Artist You Should Know: Kaleo
Music has long showed that geography has no say in setting it's limitations. There have always been pockets that produce the mass of talent, like England during the 60’s or the American West during the 90’s. Then you have unlikely spots like Minneapolis producing a legend like Prince or Motor City producing Mo Town. Could the next great band or music scene come out of Iceland?
Since arriving on the scene in 2012, Kaleo has amassed a circus of hype in anticipation for their commercial debut. In their first two years, their circulation was largely restricted to Iceland with their first single Vor i Vaglaskogi off the EP Glass House, but in 2014 they broke onto the music scene with the hit All the Pretty Girls. 2015 welcomed them into the mainstream, when they signed with Atlantic records; subsequently releasing the smash hit Way Down We Go. It received sparse radio play, but recently has filled in commercial spots on popular TV shows Orange is the New Black and Suits, as well as the soundtrack of the video game FIFA 16. While their musical prowess was undeniable, the maintained a relatively low profile in the music world until recently. Both aforementioned singles have slowly climbed the Alternative charts, reaching #9 and #8 respectively. Kaleo’s introduction to the festival circuit only increased their following, with stops at Sasquatch!, Hangout, and Firefly Music Festival. On June 10th, Kaleo dropped their US debut A/B, a full-length release, their first since signing with Atlantic. It’s available on streaming services as well as a physical copies on CD. Below you’ll find the music videos for each of their singles, showing their diverse and brilliant musical style.
Way Down We Go: This video release is the standout of the album. The location of the video and recording is stunning, as the backdrop is the Icelandic volcano Prihnukagigur. ‘Backdrop’ is perhaps the wrong word, as the band records themselves inside the volcano itself. The play of the volcano is not only for the unique location but the affect it has on the live recording’s acoustics. The vocals of front man JJ Julius Son are extremely echoed and drawn out from the expanse space of the cave, adding to an already emphatic talent. Son’s voice is the main draw of Kaleo, being very hard to pin down and compare. As he cries out in this video, with his fogged breath floating up, his vibrato is reminiscent of many artists. Hipsters could relate it to Marcus Mumford of Mumford and Sons, while metal fans reminisce of Aaron Lewis of Staind. A more contemporary comparison in the same Alternative genre would be Caleb Followill of Kings of Leon, however doing so would be an injustice to JJ Julius Son’s unique gift. His range is far greater than these other artists, and he utilizes it more in the videos below.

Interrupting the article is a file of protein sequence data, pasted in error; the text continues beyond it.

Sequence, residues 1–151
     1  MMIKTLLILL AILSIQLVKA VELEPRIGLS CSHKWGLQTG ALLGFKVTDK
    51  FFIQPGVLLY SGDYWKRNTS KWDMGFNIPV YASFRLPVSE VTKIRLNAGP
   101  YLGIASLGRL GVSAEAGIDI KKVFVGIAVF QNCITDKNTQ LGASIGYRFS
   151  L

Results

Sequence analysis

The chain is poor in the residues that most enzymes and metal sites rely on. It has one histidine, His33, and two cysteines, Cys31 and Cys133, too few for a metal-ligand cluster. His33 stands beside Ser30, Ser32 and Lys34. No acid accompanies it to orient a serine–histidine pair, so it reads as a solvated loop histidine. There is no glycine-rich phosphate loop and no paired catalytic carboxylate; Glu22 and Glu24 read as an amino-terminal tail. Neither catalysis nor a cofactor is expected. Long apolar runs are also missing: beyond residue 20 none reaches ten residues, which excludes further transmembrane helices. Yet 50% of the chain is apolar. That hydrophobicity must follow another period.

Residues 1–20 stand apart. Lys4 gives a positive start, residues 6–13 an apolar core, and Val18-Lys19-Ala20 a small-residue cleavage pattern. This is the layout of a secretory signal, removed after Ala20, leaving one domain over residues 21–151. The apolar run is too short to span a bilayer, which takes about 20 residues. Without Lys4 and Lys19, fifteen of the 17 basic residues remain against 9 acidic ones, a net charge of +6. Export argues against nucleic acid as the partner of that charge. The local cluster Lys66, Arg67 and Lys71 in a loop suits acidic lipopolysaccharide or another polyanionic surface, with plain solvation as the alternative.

All The Pretty Girls: On this track, Son’s full vocal range comes to fruition. He’s not just a rustic voiced rocker. He has the ability to delve into new genres with simply the pitch of his voice. When he chooses to go lower on songs like Way Down We Go, the band leans more toward the Alternative-Rock genre. When he goes high pitched, the identity of the band blossoms into something entirely different. It’s a curious blend is similar to Adam Levine’s falsetto with a backing of an indie, folk group like Of Monsters and Men or Edward Sharpe and the Magnetic Zeros.
The video itself depicts a group of young men and women romping back and forth on an apparent night out. Their playful demeanor echoes the lyrics of the song, which tells of a man who reminisces over a lost love. Kaleo is no doubt talented, but at the same turn, are equally gifted at their ability to tell a story within their lyrics.
I Can’t Go On Without You: Last but not least is the visually stirring video for I Can’t Go On Without You. The video, done in black and white, shows the diverse nature the band likes to exemplify. They don’t put out material to look commercial or mainstream. It’s not the same bubble gum singles that’s put out by most artists. Each video is produced by Icelandic based production and is unique in it’s own way. There’s no extensive drama done by actors. It instead depicts the musicians playing in an old church that appears abandoned in a vast clearing of snow. The emotion is echoed in not only their demeanor but also the cold black and white video.
The music in I Can’t Go On Without You is a blend of the two previous songs. It begins in a darker medium, with Son playfully whistling to an eerie background. He utilizes his lower range to show indifference to his love moving on while ending up pleading to her of his plight when he reaches high.
All in all, Kaleo has developed a sound that is entirely new, yet feels familiar to the average listener. They borrow from many aspects of blues, rock and alternative, which in the end resonates in some way with mostly everyone. Having only just released their debut, Kaleo has the opportunity to put Iceland on the music map.